Hello, This is something we can look at, absolutely; I'll need to review the code in question to see if there's a reason why it's being handled the way it is, but it might make more sense to return an error instead. Thanks for reporting this, we'll take a look. Have a great day! -Ward > Full Name: Ruurd Dorsman > Email Address: address@hidden > Organization: VORtech > Package Version: 220.127.116.11 > Operating System: Linux, Windows > Hardware: > Description of problem: > > Dear Sir/Madam, > > We are currently trying to build an application that robustly reads data > from netCDF files (in HDF5 file format). Because it is essential for > our application that it continues on errors, we have written extensive > tests. One of the tests we perform is trying to read a valid netCDF > file of which we have changed the first byte to 0x00 to mimic file > corruption. This causes the program to abort with an assertion error. > > As far as I can tell, the error is triggered by line 2866 of nc4file.c > because the variable hdf_file is zero. This variable is set in the same > file on line 294 because the function H5Fis_hdf5 recognizes the file is > not valid HDF5 and the fallback (checking the first 4 bytes of the file > for a known file format) also produces no result. > > The assertion is followed by a comment that the assert(0) should > never happen, but apparently it can sometimes occur in rare > circumstances. Replacing the line with something like: > > return NC_ENOTNC; > should fix the problem. > > Is this fix something you would be willing to include in the next release > of netCDF? > > Kind regards, > Ruurd Dorsman > > Ticket Details =================== Ticket ID: UBS-599337 Department: Support netCDF Priority: Normal Status: Closed =================== NOTE: All email exchanges with Unidata User Support are recorded in the Unidata inquiry tracking system and then made publicly available through the web. If you do not want to have your interactions made available in this way, you must let us know in each email you send to us.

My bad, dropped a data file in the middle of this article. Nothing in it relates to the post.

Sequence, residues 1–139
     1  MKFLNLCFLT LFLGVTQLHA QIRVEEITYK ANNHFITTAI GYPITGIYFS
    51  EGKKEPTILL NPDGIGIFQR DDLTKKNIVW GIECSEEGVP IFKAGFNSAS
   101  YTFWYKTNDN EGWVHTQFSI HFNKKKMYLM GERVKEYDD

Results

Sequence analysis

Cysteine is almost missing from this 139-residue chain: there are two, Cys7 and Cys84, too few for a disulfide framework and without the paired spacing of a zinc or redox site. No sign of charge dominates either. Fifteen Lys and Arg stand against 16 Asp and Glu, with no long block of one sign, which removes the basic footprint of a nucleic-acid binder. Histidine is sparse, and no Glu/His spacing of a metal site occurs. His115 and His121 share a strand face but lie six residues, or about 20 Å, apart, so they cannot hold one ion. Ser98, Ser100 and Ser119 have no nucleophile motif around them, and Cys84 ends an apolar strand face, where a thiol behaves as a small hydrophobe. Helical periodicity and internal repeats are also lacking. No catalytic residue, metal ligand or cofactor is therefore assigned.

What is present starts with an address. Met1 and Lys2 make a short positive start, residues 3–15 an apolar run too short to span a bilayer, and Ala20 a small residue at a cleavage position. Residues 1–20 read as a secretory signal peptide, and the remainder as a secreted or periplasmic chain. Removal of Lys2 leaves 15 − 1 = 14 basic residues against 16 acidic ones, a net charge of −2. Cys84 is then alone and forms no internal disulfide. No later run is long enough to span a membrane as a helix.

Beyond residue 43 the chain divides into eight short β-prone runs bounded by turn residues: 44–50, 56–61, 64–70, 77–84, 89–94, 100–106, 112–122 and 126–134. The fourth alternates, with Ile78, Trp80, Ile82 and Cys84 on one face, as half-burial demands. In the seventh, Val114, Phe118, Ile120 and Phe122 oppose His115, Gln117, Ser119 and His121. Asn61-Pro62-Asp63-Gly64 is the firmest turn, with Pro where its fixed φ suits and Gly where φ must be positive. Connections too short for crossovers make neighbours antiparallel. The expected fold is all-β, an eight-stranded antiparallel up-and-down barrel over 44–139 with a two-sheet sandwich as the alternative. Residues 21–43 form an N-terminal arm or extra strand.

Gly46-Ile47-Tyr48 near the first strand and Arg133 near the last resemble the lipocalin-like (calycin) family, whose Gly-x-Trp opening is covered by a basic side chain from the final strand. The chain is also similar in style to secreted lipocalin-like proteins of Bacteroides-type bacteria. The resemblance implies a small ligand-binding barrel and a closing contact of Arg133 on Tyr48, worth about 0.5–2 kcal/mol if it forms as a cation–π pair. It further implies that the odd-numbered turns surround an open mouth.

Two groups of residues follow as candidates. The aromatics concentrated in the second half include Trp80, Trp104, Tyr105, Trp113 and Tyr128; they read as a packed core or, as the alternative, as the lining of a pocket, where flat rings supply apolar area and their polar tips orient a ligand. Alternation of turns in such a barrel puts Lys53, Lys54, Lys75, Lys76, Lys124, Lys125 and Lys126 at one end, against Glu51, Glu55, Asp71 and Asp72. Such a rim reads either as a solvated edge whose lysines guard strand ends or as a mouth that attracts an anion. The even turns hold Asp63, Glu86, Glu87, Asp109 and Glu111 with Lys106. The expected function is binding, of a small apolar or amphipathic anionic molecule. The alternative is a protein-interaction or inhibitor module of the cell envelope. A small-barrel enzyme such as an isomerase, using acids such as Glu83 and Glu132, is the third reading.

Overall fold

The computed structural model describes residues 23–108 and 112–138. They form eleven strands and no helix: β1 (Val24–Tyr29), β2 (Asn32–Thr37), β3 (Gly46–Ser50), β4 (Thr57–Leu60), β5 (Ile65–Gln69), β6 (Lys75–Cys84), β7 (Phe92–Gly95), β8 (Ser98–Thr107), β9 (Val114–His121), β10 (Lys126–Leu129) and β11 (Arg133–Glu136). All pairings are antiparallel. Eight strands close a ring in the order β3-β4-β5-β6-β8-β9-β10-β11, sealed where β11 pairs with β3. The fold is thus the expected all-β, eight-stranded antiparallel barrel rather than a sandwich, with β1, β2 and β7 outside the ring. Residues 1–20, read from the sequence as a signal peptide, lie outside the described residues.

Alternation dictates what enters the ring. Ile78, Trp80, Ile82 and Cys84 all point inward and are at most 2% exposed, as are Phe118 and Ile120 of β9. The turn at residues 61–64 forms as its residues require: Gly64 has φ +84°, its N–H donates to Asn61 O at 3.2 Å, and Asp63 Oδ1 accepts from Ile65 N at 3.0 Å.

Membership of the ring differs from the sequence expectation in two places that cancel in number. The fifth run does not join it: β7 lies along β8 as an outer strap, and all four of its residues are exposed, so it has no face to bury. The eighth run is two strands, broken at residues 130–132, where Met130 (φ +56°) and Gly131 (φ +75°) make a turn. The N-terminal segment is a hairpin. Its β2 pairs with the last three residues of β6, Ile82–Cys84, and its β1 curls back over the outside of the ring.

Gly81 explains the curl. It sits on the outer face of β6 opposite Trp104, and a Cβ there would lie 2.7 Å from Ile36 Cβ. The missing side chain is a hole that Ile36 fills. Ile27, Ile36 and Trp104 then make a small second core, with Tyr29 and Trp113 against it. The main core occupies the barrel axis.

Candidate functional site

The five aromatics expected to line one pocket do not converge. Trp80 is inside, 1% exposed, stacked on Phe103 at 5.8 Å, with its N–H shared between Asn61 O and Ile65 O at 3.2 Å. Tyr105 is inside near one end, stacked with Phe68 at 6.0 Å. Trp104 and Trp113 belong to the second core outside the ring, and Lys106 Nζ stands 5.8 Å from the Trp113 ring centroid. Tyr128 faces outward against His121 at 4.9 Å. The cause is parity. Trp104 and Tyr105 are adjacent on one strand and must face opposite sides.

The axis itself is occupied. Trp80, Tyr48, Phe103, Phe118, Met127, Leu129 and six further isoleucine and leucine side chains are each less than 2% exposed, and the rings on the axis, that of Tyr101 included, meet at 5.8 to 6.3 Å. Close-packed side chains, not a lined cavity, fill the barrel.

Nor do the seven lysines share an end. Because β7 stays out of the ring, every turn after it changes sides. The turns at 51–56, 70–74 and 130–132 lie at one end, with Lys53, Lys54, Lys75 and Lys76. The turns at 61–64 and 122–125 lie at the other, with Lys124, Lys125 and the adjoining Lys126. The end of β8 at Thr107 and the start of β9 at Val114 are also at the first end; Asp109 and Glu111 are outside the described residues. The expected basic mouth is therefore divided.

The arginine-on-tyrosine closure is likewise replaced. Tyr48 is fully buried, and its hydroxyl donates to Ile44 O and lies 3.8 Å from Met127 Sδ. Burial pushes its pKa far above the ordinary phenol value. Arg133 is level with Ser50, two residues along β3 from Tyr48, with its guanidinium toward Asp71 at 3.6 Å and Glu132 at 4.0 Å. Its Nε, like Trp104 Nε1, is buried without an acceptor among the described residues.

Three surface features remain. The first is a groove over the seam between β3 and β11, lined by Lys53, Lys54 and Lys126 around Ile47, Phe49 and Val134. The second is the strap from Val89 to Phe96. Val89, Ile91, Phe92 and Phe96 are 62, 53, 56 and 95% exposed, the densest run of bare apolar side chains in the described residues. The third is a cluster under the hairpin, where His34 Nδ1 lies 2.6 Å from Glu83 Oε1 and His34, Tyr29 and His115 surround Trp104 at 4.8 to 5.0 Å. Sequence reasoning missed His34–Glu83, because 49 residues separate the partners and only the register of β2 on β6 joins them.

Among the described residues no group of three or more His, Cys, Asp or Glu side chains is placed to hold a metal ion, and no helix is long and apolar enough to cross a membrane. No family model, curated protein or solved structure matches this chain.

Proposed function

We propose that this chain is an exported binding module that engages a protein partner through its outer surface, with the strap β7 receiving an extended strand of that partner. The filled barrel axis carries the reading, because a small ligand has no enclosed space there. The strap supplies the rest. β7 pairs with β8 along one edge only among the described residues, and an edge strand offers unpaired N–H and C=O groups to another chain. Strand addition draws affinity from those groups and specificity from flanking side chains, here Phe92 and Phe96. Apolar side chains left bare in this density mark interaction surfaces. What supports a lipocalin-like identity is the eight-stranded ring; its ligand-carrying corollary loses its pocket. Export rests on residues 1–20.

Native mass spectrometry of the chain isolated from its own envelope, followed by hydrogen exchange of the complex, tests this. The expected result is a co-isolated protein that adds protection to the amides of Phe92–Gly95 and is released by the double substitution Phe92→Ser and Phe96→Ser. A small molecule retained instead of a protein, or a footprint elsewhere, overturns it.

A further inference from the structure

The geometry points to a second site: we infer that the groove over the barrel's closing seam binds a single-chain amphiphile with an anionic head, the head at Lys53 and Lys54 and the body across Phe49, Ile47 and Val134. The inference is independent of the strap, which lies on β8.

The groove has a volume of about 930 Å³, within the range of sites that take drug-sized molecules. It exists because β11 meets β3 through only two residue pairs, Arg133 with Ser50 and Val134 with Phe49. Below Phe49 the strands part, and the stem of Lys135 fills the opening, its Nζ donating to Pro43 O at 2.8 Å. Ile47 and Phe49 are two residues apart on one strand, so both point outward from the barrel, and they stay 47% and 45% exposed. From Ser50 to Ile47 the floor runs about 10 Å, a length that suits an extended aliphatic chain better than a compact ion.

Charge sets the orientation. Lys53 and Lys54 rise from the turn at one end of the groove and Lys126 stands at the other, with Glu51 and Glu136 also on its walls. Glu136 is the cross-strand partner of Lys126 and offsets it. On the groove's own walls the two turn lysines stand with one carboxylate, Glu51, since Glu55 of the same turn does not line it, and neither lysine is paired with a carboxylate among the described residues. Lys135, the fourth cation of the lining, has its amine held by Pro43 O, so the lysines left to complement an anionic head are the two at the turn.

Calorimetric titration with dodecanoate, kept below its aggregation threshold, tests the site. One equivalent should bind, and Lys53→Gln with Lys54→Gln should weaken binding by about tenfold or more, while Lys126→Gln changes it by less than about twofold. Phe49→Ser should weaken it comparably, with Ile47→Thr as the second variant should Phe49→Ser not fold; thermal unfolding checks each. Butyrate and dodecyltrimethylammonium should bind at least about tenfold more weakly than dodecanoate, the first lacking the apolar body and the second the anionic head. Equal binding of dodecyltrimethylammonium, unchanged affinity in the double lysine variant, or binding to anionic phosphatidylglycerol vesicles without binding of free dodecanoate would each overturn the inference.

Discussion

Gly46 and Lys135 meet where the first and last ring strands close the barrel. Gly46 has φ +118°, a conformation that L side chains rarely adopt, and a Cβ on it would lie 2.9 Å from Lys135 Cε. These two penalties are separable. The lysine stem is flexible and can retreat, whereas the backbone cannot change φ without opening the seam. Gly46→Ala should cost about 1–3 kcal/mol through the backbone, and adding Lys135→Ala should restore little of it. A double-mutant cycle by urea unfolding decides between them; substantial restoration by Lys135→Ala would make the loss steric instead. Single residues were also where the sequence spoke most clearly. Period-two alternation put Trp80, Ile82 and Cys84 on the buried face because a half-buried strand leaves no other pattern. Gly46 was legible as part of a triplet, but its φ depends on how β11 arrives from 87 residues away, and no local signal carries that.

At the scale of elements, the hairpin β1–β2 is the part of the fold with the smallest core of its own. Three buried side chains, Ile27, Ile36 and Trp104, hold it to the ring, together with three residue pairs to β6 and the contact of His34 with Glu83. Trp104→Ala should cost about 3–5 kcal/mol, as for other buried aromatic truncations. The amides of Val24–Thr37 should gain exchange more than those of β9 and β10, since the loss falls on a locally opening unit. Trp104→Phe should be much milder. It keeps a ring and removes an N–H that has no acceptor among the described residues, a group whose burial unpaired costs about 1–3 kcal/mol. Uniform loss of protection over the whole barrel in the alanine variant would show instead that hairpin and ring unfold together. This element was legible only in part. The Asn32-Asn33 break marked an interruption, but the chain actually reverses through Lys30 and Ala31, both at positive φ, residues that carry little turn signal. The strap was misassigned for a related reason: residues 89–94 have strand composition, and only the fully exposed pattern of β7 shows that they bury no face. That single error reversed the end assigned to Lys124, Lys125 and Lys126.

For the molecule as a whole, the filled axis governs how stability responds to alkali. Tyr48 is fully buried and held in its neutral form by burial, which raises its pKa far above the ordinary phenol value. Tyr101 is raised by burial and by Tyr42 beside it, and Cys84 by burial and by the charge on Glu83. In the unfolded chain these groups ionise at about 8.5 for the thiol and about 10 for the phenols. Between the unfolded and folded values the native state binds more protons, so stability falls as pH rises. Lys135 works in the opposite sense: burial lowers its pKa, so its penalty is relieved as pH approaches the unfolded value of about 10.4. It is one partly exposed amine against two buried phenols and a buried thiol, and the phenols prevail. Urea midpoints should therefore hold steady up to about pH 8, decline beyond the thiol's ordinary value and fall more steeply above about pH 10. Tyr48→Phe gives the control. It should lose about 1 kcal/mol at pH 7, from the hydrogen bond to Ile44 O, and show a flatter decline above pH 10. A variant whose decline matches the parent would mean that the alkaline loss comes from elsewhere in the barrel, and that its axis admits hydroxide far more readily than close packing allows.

NOTE: All email exchanges with Unidata User Support are recorded in the Unidata inquiry tracking system and then made publicly available through the web. If you do not want to have your interactions made available in this way, you must let us know in each email you send to us.